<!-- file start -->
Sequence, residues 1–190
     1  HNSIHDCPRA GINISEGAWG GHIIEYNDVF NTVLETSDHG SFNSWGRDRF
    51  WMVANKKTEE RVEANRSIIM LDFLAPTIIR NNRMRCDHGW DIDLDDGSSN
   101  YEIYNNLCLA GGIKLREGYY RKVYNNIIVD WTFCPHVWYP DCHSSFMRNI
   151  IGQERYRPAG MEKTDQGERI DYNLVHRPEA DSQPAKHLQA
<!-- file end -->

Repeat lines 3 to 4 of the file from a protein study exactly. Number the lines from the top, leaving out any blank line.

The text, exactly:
    51  WMVANKKTEE RVEANRSIIM LDFLAPTIIR NNRMRCDHGW DIDLDDGSSN
   101  YEIYNNLCLA GGIKLREGYY RKVYNNIIVD WTFCPHVWYP DCHSSFMRNI